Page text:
Updated on June 11, 2019

It’s been raining for 2 weeks straight on El Altar Trek. It’s probably very muddy but we don’t care. We are going anyway.

That was the plan. I had been hiking in the mud before. I knew it would be ok. Some muddy areas make any hiking trail more exciting and entertaining. But what I didn’t expect here in Ecuador is that we were going to be hiking in the mud literally the whole way.

“El Altar” is a truly spectacular extinct volcano located in the heart of the Ecuadorian Andes. Up to 12 snow-capped peaks over 5,000mts (16,000ft) protect the yellow lagoon forming a C-shape, with the open side facing a magnificent glacial valley.

The weather is very unpredictable here and can change very fast too. Clouds normally cover the area and it is always on the verge of raining. For that reason, the Altar Trek is one of the lesser known hiking routes in Ecuador, and the one that receives less tourists year around.


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Nothing could really prepare us for what was waiting. Not even when our guide gave us a pair of gum boots and told us we were going to be hiking in them for the next three days. 

A few weeks back we had spent 4 days camping at Cotopaxi National Park waiting for the clouds to clear so we could see the volcano at its best. We had lots of rain during those days and even though the trails were muddy, it wasn’t too bad.


El Altar Trek Ecuador

Hiking up to El Altar


But the reality was that no matter how hard I tried to convince myself that the trail would be ok, I realized how bad the situation was within the first 5 minutes of the hike. Calf-deep mud, uphill and slippery terrain would be the joys of the day. Definitely, not an easy adventure like the Ausangate lodge to lodge route in Peru. To make matters worse, both Amanda’s and my boots were a bit too big which made the walk much harder. Every time the mud was over the ankle the boots would get stuck and our feet would come out of the boot. Not nice.


trakking adventure in El Altar, Ecuador

Crossing one of the several rivers on this route.


It took us over 3 hours of uphill muddy as walking to reach a grassy area where we enjoyed our lunch. The good news was the fog was clearing out and we could see the first views of the snow-capped peaks of El Altar.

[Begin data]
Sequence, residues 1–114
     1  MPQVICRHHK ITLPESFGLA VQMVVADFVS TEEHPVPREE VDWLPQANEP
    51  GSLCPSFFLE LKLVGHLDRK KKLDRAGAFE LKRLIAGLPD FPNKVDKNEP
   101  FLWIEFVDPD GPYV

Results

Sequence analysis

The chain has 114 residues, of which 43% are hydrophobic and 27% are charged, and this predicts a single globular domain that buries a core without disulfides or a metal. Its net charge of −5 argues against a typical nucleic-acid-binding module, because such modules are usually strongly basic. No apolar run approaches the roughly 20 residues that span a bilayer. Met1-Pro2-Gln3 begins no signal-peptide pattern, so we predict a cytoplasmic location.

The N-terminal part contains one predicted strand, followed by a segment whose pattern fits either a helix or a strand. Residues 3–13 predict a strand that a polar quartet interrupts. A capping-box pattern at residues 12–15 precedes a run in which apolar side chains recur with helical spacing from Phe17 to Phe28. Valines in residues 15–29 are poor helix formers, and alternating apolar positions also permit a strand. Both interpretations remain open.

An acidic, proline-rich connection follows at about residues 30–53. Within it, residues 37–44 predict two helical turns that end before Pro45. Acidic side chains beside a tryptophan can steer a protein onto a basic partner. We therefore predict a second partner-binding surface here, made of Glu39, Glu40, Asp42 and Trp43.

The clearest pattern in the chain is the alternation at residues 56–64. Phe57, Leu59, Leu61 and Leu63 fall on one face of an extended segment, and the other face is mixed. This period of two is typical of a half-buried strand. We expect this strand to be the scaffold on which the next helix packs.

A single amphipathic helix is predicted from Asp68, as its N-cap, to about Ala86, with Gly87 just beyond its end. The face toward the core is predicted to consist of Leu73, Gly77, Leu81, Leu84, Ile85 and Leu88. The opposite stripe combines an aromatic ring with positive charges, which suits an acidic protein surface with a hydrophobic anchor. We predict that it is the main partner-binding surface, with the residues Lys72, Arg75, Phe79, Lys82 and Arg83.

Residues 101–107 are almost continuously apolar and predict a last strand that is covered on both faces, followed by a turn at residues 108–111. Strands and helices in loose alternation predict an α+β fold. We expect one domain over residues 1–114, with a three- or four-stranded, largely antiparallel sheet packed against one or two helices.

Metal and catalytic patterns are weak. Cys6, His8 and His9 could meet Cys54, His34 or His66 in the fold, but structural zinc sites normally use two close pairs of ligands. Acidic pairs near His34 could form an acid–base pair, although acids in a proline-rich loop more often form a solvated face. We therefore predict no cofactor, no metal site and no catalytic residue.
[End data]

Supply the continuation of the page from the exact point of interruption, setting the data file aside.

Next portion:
From this point, the terrain became much more manageable. Or perhaps we were becoming more skilled dealing with the deep mud by now. Either way, and probably because we were getting closer to the end and the scenery improved a lot, the second section felt much easier than the first one. After 7 hours of continuous hiking, we finally reached the hut. Our home for the next 2 days.


hiking in Ecuador

Our small group working our way up. 



The location of the hut couldn’t have been better. On a small hill overlooking the valley with the magnificent Altar in the background. What an incredible place. 

It made me forget about the mud straight away. It’s a tough way to get here but you get your reward. Carrying only water and some food we set out on our second day to explore El Altar and its surroundings.

We decided to hike up to the yellow lagoon, the lake in between the peaks, and have our lunch there. The rest of the day would be spent wandering around the area, enjoying the impressive views and taking advantage of the countless photo opportunities.


El Altar in Ecuador

El Altar and the Yellow Lagoon


It’s a good idea to bring several pairs of socks, they will get wet and muddy every day. You should also bring a full set of clean clothes so you can get changed when you reach the hut. Be mentally prepared to be hiking through the deep mud for several hours. 

You need a minimum of 2 days to hike to El Altar and come back. An extra day will allow you to climb up to the yellow lagoon. The 4 and 5-day options will let you visit several other lagoons and use a different route to get to the hut.